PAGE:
As to defendants M. H. Casey, Jr.; I. Cardeno; T. Butler; and M. C. Kramer, whom plaintiff seeks to implicate for allegedly failing to appropriately process his administrative grievance timely, plaintiff is informed that prisoners do not have a "separate constitutional entitlement to a specific prison grievance procedure." Ramirez v. Galaza, 334 F.3d 850, 860 (9th Cir. 2003), citing Mann v. Adams, 855 F.2d 639, 640 (9th Cir. 1988). Even the nonexistence of, or the failure of prison officials to properly implement, an administrative appeals process within the prison system does not raise constitutional concerns. Mann v. Adams, 855 F.2d at 640. See also, Buckley v. Barlow, 997 F.2d 494, 495 (8th Cir. 1993); Flick v. Alba, 932 F.2d 728 (8th Cir. 1991). Azeez v. DeRobertis, 568 F. Supp. 8, 10 (N.D.Ill. 1982) ("[A prison] grievance procedure is a procedural right only, it does not confer any substantive right upon the inmates. Hence, it does not give rise to a protected liberty interest requiring the procedural protections envisioned by the fourteenth amendment"). Specifically, a failure to process a grievance does not state a constitutional violation. Buckley, supra. State regulations give rise to a liberty interest protected by the Due Process Clause of the federal constitution only if those regulations pertain to "freedom from restraint" that "imposes atypical and significant hardship on the inmate in relation to the ordinary incidents of prison life." Sandin v. Conner, 515 U.S. 472, 484, 115 S.Ct. 2293, 2300 (1995).*fn1 Plaintiff's due process claims against defendants Casey, Cardeno, Butler and Kramer will be dismissed but plaintiff will be granted leave to amend.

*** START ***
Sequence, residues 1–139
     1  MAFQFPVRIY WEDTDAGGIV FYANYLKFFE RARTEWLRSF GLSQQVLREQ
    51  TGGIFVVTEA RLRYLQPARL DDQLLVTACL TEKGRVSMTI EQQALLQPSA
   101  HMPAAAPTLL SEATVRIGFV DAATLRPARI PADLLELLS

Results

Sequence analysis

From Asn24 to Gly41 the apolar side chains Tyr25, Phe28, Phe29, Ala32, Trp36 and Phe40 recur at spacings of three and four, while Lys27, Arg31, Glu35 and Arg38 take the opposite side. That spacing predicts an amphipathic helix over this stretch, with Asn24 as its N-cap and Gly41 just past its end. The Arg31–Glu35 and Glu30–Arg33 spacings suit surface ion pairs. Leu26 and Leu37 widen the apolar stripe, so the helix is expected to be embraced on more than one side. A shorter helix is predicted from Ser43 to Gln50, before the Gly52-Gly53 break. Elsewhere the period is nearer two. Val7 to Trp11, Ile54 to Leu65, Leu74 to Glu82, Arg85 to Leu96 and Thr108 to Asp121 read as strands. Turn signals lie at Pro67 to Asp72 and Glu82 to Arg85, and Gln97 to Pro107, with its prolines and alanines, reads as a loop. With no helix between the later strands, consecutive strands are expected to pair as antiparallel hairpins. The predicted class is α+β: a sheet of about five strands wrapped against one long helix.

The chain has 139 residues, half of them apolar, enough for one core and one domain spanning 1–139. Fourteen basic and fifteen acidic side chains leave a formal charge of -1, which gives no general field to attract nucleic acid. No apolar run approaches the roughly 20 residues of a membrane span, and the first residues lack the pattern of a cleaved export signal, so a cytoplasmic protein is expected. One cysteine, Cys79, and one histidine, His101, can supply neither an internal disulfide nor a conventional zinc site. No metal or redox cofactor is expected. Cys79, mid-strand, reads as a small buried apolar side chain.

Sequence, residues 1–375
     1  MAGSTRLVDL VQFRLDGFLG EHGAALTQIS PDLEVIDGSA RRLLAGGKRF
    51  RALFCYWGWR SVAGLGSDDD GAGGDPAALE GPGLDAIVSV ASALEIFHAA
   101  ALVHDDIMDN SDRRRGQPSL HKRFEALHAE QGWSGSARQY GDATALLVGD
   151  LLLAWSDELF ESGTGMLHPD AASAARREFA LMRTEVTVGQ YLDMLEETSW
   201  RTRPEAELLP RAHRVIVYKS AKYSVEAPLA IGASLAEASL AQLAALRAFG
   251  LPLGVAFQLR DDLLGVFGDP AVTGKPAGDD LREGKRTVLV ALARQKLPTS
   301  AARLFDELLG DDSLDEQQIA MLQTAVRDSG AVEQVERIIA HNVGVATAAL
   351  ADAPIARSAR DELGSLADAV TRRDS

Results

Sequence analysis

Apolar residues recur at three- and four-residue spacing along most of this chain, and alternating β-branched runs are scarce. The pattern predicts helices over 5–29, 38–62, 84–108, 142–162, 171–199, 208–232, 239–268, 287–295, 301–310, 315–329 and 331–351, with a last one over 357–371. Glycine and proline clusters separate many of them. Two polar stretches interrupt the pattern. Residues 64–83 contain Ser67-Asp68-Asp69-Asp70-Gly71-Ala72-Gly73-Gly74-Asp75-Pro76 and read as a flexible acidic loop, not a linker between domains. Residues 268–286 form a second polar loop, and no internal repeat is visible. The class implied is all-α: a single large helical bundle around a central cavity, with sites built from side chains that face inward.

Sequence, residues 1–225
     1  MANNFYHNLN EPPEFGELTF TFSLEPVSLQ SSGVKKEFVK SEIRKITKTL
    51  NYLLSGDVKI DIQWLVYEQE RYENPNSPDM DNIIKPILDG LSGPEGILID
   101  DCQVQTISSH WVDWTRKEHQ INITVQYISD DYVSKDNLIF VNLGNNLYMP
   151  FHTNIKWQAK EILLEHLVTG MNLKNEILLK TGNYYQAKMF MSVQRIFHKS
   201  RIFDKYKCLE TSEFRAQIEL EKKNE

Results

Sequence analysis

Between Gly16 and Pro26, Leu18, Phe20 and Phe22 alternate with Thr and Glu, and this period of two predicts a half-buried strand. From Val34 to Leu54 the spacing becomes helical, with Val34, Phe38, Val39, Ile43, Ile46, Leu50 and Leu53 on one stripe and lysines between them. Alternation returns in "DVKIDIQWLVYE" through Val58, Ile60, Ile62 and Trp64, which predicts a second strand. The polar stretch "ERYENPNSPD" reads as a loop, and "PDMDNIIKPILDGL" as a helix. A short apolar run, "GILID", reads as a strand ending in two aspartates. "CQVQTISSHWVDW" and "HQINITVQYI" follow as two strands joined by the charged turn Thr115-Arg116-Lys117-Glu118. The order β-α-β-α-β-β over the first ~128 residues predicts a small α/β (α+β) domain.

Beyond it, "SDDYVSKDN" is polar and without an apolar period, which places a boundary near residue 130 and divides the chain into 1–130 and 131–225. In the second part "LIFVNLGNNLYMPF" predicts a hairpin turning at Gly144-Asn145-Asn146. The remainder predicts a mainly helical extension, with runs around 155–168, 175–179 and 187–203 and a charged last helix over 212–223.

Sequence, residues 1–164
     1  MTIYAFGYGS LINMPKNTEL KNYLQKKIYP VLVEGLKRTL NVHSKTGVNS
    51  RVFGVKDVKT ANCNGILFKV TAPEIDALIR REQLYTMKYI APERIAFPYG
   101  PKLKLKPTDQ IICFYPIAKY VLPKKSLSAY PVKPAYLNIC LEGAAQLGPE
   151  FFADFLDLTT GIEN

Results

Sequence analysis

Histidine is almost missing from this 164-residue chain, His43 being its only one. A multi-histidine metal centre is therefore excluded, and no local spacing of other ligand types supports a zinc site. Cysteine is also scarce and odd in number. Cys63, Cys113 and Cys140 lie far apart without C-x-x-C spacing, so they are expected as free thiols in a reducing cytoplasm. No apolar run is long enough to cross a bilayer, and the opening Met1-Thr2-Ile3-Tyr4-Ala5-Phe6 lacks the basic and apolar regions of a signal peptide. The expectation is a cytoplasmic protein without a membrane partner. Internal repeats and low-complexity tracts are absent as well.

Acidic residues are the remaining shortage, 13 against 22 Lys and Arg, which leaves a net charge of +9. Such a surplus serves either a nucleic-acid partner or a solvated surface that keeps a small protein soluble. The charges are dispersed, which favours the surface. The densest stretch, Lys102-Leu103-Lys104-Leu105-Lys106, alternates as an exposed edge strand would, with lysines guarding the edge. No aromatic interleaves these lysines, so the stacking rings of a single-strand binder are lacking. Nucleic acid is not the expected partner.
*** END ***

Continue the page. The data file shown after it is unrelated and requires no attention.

Nor does plaintiff adequately allege a claim for retaliation based on plaintiff's allegation that defendants Casey, Cardeno, Butler and Kramer refused to investigate the claims he raised in the grievance (not included), apparently regarding the therapy, or lack thereof, that he was receiving for the injuries plaintiff claims to have sustained during the prison van accident described above or that they failed to process the grievance within the time set forth for the processing of an inmate appeal in a state regulation. The filing of a grievance is regarded by the Ninth Circuit as a constitutionally protected right, Brodheim v. Cry, 484 F.3d 1262, 1269 (9th Cir. 2009), citing Rhodes v. Robinson, 408 F.3d 559, 566 (9th Cir. 2005), but in order to state a retaliation claim, a plaintiff must plead facts which suggest that retaliation for the exercise of protected conduct was the "substantial" or "motivating" factor behind the defendant's conduct. See Soranno's Gasco, Inc. v. Morgan, 874 F.2d 1310, 1314 (9th Cir. 1989). Mere conclusions of hypothetical retaliation will not suffice, a prisoner must "allege specific facts showing retaliation because of the exercise of the prisoner's constitutional rights." Frazier v. Dubois, 922 F.2d 560, 562 (n. 1) (10th Cir. 1990). Plaintiff's claim that the issues raised in his grievance were not adequately investigated or that the grievance response was not timely pursuant to a state regulatory provision does not make clear how such conduct was retaliatory and what constitutionally protected conduct it was in retaliation for. Plaintiff does not make clear how any delay in processing the appeal which may have impeded plaintiff's ability to process a claim for compensation to the state Board of Control implicates a federal constitutional right. This claim will be dismissed but plaintiff will be granted leave to amend.
Plaintiff also names as a defendant a correctional sergeant named Bradley, but the court cannot locate any allegations against this ...